Defining promiscuous MHC class II helper T-cell epitopes for the HER2/neu tumor antigen.Cancer Res 2000; 60(18):5228-36CR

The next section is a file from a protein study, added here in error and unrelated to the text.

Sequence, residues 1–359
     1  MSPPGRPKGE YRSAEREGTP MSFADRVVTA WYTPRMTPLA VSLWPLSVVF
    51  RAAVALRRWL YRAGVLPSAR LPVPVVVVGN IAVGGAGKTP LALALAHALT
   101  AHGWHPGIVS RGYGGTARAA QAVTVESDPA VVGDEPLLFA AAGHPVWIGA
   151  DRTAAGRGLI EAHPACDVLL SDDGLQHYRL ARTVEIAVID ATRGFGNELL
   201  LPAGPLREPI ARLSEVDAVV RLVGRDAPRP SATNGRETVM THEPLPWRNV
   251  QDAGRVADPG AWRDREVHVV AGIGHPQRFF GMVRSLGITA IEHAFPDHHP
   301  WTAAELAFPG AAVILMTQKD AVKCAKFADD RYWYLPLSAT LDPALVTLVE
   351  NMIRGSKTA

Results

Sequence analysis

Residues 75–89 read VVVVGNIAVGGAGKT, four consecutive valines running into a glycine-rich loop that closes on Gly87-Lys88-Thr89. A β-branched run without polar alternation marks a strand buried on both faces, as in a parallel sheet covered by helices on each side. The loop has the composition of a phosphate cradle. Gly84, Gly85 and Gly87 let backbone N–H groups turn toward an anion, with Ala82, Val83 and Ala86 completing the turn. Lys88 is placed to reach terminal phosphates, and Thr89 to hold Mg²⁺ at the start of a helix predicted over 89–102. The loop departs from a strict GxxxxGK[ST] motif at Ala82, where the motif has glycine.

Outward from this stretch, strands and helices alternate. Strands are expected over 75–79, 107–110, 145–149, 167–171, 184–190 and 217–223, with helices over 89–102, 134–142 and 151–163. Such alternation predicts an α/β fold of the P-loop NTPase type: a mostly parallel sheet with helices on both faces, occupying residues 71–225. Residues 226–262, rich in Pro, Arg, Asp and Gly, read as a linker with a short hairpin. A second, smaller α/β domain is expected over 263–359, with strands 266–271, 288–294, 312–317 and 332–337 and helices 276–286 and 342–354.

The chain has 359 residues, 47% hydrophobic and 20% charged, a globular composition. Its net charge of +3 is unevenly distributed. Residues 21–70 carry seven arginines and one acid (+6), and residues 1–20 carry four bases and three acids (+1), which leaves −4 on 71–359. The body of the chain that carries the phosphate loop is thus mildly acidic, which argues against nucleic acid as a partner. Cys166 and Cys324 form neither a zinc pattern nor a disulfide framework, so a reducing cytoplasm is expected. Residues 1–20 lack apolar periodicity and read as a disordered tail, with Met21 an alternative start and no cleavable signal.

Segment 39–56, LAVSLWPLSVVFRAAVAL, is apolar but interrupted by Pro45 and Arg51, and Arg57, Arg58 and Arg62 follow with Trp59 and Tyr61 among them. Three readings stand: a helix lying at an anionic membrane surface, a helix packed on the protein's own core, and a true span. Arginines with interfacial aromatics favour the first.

It is accepted that both helper and CTLs play a critical role in immune antitumor responses. Thus, the design of effective immune-based therapies for cancer relies in the identification of relevant tumor-associated antigens (TAAs) capable of eliciting strong helper and cytotoxic T-cell responses against tumor cells. The product of the HER2/neu oncogene is considered as a prototype TAA, because it is found overexpressed in a large variety of malignancies, whereas normal cells only produce low levels of this product. Several cytotoxic T-cell epitopes for HER2/neu have been identified that enable the design of peptide-based therapeutic vaccines for tumors expressing this TAA. Nevertheless, it is expected that inclusion of peptide epitopes capable of eliciting HER2/neu-specific T helper responses into these vaccines may enhance their effectiveness in the clinic. We describe here a strategy to identify helper T-cell epitopes for HER2/neu that focuses on peptides predicted to bind to numerous histocompatibility alleles (promiscuous epitopes), which would encourage their use in therapeutic vaccines for the general cancer patient population. Following this approach, we successfully identified several peptides that elicited T helper (CD4+) proliferative responses to peptides derived from HER2/neu. Most of the T-cell responses appeared to reflect a low affinity for antigen, which could be the result of immune tolerance because HER2/neu is expressed in low levels in normal cells and possibly including lymphocytes and monocytes. Interestingly, one of these peptides, HER2(883), was recognized by T cells in the context of either HLA-DR1, HLA-DR4, HLA-DR52, and HLA-DR53, indicating a high degree of histocompatibility promiscuity. Furthermore, T cells that reacted with peptide HER2(883) could also recognize antigen-presenting cells that process HER2/neu recombinant protein. These results may be relevant for the design of more effective therapeutic vaccines for tumors expressing the HER2/neu oncogene product.